How light interacts with surfaces, lenses and our eyes is fundamental to how visual arts are created and perceived. Despite this importance, education around basic optical principles tends to employ a science-first approach which may not resonate within an artistic community. This installation attempts to bridge that gap by encouraging audience members to holistically engage with optics and the phenomenon of refraction.
This installation consists of a series of engagements with playful and impractical lenses. A custom software tool distorts images such that they can only be seen through these lenses (a process known as anamorphosis). In the first such engagement, audience members are invited to draw on a digital canvas while looking through one such lens. They are then able to view the results of their work with and without the lens. In the second engagement, audience members encounter a large, amorphous video projection. They later realize that the imagery can be decoded through a viewer mounted within the space. These experiments aim to inspire audience members’ curiosity about the behavior of light.
As an artist’s understanding of foundational optical principles grows, their palette is expanded to allow aesthetic exploration and play using these elements. This installation aims to reduce technical barriers to entry and inspire artists to incorporate creative custom optics into their practice.
LIME is a patchable device that provides the user with a platform for using light as a control medium for musical expression. Through a combination of lighting, sensors, fiber optic patch cables, and processing units, the system allows the user to design cable flows which generate and modulate light patterns before translating the patterned light into musical events interpreted by computer-based virtual instruments and effects.
Over the past 80 years, electronics, especially computers, have had a massive impact upon the ways that music is created. In more recent years, technologies have introduced incredible new capabilities, however, these have often come at the cost of increased complexity and a growing level of abstraction between the sounds that are made and the signals used to create them. This phenomena has created some disconnect between performers and the audience as the connection between gestures on stage and the sounds that are heard become increasingly dissociated. A prime example of this can be seen in modular synthesizers where even the player can become confused by the intricate, yet abstract, programming of the instruments, especially on-stage.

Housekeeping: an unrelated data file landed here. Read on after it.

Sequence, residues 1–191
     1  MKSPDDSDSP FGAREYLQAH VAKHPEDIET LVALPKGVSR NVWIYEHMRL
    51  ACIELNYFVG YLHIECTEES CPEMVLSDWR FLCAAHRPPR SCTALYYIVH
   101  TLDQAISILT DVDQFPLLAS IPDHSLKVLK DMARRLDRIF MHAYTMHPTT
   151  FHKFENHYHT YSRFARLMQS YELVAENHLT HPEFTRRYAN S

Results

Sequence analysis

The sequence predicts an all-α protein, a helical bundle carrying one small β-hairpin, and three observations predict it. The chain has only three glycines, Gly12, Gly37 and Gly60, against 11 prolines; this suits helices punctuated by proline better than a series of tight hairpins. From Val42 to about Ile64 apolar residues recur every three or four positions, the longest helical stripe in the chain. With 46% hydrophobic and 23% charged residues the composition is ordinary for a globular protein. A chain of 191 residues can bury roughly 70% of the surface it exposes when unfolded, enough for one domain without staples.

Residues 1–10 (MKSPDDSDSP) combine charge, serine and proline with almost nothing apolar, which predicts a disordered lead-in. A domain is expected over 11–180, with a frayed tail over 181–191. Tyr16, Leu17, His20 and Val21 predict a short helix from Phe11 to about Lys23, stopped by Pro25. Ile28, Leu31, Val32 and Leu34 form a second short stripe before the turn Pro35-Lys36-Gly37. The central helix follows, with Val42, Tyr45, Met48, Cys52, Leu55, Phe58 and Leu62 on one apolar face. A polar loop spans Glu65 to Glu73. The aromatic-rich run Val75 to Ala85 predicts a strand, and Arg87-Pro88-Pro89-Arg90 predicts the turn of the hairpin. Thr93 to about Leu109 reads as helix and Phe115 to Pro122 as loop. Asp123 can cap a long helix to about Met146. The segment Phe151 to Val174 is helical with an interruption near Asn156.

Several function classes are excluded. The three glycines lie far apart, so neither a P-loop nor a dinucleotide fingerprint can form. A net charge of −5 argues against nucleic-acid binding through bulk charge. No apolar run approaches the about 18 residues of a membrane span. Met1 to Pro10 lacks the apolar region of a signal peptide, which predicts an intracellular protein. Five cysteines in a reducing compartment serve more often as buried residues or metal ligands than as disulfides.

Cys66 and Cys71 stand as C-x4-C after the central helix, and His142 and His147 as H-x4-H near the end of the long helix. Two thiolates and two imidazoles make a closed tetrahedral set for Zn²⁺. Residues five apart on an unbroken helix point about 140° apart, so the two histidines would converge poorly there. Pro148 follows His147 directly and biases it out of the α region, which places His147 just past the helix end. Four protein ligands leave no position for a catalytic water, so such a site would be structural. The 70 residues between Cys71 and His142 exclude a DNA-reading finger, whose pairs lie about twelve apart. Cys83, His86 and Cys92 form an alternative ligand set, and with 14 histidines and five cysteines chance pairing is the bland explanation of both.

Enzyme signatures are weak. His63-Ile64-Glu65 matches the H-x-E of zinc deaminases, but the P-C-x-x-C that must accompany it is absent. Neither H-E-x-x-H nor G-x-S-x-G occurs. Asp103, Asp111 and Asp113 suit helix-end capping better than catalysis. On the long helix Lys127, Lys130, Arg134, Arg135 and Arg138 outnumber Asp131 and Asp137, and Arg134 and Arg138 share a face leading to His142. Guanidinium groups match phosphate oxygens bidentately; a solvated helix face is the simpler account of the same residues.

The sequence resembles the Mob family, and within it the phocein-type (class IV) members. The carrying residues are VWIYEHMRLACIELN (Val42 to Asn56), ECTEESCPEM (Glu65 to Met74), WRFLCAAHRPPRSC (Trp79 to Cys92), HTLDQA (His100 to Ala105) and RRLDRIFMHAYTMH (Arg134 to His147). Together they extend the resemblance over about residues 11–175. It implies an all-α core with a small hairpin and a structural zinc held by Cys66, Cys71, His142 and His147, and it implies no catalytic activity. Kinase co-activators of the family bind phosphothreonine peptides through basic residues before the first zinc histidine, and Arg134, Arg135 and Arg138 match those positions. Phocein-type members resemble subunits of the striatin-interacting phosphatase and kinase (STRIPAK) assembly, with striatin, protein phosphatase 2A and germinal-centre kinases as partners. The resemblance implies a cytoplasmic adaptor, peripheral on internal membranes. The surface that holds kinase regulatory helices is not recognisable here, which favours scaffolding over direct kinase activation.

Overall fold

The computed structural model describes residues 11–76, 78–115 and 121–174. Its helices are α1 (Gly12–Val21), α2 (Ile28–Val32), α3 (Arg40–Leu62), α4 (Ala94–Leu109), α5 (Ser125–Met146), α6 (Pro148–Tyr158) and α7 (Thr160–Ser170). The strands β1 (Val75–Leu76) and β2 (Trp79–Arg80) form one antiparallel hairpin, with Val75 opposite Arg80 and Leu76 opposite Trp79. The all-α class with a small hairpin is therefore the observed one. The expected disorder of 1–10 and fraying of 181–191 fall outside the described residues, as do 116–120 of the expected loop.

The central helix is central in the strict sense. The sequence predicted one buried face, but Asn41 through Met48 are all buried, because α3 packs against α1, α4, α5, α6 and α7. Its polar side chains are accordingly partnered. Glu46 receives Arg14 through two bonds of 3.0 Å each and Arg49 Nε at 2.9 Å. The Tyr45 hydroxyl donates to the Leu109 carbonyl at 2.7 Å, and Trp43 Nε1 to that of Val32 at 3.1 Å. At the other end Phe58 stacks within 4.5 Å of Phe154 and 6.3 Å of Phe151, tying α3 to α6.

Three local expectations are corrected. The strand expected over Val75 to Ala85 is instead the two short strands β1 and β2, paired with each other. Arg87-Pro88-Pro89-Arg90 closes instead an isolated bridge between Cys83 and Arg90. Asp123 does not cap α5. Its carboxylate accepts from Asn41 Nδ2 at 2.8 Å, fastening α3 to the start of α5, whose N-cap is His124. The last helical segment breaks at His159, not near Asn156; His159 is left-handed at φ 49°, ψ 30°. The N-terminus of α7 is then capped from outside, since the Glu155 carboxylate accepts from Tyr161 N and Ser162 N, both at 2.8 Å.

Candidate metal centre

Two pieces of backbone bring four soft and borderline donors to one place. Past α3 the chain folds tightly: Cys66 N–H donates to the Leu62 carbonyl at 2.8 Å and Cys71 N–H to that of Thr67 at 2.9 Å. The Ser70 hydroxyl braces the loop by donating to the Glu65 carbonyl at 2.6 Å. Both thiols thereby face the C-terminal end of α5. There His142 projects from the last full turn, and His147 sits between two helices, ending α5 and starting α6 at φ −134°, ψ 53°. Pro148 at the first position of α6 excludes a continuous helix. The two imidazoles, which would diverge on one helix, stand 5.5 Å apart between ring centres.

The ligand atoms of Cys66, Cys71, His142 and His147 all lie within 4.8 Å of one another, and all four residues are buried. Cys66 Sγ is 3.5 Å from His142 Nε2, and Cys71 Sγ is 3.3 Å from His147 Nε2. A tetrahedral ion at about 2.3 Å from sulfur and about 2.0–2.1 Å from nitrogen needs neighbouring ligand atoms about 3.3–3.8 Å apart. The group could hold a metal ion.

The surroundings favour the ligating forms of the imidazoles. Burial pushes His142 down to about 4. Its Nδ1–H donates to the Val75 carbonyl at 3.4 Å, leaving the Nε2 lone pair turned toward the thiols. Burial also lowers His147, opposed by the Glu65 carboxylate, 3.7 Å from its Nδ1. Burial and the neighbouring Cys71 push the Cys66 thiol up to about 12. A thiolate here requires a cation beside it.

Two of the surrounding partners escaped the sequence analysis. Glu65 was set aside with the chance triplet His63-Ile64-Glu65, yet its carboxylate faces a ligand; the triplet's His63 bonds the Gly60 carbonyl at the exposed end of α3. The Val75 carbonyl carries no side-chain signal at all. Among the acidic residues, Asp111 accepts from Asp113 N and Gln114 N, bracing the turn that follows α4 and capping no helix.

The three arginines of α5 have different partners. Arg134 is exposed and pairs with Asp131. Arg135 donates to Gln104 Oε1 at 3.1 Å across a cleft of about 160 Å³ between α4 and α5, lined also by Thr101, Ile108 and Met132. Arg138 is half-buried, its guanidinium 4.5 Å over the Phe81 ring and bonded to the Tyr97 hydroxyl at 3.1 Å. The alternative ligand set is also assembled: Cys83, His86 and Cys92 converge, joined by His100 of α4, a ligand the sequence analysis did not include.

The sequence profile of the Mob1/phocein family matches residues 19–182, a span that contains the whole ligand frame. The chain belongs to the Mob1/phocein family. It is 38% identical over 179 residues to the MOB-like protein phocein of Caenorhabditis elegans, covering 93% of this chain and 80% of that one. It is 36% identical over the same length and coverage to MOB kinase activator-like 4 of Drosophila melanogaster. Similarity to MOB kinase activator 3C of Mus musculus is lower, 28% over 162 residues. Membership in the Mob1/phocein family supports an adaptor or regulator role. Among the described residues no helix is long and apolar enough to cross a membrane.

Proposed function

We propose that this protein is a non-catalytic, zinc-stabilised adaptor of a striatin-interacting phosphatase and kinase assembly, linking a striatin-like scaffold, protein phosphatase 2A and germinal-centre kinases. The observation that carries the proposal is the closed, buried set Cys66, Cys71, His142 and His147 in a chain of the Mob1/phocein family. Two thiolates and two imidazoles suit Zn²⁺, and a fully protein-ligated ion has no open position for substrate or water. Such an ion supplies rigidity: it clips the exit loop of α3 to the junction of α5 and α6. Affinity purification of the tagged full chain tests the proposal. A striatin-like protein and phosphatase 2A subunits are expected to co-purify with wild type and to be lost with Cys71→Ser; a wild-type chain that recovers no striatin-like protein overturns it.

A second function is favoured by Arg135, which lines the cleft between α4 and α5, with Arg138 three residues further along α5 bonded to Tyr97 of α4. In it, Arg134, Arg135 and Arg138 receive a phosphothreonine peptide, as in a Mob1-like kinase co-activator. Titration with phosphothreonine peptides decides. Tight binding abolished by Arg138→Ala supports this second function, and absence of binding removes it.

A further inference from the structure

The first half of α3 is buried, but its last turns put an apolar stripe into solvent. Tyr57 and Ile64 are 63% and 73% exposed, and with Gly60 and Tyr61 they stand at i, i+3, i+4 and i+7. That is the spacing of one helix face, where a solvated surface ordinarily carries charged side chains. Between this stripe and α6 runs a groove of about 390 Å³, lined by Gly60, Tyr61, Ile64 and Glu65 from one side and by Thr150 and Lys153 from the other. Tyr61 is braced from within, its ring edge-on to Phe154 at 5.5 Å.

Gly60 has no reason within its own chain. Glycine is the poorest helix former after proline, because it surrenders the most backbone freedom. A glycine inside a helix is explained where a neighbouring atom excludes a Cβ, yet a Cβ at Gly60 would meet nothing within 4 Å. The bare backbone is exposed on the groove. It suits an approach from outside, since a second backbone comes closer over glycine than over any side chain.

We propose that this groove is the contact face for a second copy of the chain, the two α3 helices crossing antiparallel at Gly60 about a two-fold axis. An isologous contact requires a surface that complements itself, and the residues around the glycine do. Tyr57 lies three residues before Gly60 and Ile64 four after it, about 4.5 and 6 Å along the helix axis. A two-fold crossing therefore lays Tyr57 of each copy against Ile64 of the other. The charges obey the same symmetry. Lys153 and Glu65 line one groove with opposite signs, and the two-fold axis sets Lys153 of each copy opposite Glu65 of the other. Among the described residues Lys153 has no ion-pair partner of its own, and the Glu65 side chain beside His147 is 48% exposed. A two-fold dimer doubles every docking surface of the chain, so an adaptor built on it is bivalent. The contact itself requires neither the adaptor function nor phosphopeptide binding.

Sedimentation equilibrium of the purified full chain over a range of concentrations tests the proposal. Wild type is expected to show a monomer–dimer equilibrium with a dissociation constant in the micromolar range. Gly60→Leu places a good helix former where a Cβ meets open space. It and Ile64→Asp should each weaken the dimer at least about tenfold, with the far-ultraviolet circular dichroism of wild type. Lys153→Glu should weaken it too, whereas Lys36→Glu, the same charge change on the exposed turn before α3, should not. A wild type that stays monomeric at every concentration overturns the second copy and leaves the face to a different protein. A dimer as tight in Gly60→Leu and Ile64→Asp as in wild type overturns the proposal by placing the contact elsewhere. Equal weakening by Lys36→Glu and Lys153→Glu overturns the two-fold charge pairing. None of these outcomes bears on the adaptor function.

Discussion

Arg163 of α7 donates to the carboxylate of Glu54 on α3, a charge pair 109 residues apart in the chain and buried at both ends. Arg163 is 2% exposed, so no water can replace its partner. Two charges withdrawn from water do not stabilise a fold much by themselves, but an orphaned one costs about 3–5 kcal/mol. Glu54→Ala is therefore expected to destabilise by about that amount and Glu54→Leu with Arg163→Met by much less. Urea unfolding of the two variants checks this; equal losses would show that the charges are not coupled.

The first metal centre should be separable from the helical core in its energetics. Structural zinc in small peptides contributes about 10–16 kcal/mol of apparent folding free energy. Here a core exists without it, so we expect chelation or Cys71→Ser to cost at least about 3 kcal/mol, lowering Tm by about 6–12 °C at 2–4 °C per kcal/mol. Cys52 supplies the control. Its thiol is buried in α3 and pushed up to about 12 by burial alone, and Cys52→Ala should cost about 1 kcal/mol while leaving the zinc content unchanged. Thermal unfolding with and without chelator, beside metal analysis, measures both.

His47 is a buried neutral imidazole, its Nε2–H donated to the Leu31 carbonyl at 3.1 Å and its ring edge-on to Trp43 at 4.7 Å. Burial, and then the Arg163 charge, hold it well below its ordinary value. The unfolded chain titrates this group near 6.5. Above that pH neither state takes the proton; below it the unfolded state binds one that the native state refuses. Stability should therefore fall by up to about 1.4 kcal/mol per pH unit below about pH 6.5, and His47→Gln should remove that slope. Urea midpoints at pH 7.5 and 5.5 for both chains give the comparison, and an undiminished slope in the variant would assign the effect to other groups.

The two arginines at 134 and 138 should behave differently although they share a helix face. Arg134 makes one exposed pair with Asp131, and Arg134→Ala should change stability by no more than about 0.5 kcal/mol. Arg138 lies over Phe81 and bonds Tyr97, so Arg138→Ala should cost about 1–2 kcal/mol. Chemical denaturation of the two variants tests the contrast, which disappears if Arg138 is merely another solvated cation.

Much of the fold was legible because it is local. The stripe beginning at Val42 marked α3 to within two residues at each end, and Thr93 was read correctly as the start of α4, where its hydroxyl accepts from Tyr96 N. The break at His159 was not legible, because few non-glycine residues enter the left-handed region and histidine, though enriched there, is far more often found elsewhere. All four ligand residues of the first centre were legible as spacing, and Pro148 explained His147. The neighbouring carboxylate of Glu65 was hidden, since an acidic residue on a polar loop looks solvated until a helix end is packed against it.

But, what if audio signals could be made visible while theyâ€™re communicating? Could patch cables that expose the underlying signal patterns improve oneâ€™s comprehension of their compositions or, perhaps, enhance the experience of composing as well as viewing? LIME is a response to these questions by offering a semi-modular system for using light as a control medium in musical expression. Where modular synthesizers generate and modulate raw audio, LIME operates in the computer space utilizing the MIDI protocol. Through a combination of lighting, sensors, fiber optic patch cables, and processing units, the system allows the user to design signal flows made of light patterns which are then translated into sound. The patch cables provide real-time views into the signal flows as they pass between different modules. The pulsing and breathing light visualizes the signal flow in a physical form. As a composer or performer, this visual component is useful in that it allows for quickly understanding how a signal is affected by different modules and how it fits into a larger musical piece. Another benefit comes in the form of reduced error and easier troubleshooting. While computer software allows for internal signal routing, it can quickly lead to extremely complex scenarios with confusion abound. The physical interaction of â€˜patchingâ€™ from point to point provides a more tangible understanding of the connections as they are formed. Unfortunately, as patches grow, they too can become a chaotic mess of wires with little ability to quickly discern the meaning of individual connections. With LIME, signal generators, processors, and inputs are combinable to compose sounds and rhythms while simultaneously providing the path taken to achieve them, visually.